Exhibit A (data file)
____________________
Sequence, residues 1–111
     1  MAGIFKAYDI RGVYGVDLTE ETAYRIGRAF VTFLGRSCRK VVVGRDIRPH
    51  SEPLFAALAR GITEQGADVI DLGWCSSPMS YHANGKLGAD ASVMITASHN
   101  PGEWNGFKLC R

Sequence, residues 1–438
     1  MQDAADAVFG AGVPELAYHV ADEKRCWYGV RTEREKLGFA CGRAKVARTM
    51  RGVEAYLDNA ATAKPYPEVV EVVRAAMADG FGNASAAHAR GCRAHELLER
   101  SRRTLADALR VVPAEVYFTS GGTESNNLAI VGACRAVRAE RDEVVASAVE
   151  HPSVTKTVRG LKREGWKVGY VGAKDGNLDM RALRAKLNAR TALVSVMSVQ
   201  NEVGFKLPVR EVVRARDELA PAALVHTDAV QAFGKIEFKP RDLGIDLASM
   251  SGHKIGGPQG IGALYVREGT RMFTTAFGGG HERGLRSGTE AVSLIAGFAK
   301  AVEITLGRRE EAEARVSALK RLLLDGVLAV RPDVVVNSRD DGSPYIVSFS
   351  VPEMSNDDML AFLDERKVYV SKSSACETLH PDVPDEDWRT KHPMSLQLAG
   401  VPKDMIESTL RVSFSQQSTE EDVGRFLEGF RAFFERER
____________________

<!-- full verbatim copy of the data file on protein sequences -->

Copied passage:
Sequence, residues 1–111
     1  MAGIFKAYDI RGVYGVDLTE ETAYRIGRAF VTFLGRSCRK VVVGRDIRPH
    51  SEPLFAALAR GITEQGADVI DLGWCSSPMS YHANGKLGAD ASVMITASHN
   101  PGEWNGFKLC R

Sequence, residues 1–438
     1  MQDAADAVFG AGVPELAYHV ADEKRCWYGV RTEREKLGFA CGRAKVARTM
    51  RGVEAYLDNA ATAKPYPEVV EVVRAAMADG FGNASAAHAR GCRAHELLER
   101  SRRTLADALR VVPAEVYFTS GGTESNNLAI VGACRAVRAE RDEVVASAVE
   151  HPSVTKTVRG LKREGWKVGY VGAKDGNLDM RALRAKLNAR TALVSVMSVQ
   201  NEVGFKLPVR EVVRARDELA PAALVHTDAV QAFGKIEFKP RDLGIDLASM
   251  SGHKIGGPQG IGALYVREGT RMFTTAFGGG HERGLRSGTE AVSLIAGFAK
   301  AVEITLGRRE EAEARVSALK RLLLDGVLAV RPDVVVNSRD DGSPYIVSFS
   351  VPEMSNDDML AFLDERKVYV SKSSACETLH PDVPDEDWRT KHPMSLQLAG
   401  VPKDMIESTL RVSFSQQSTE EDVGRFLEGF RAFFERER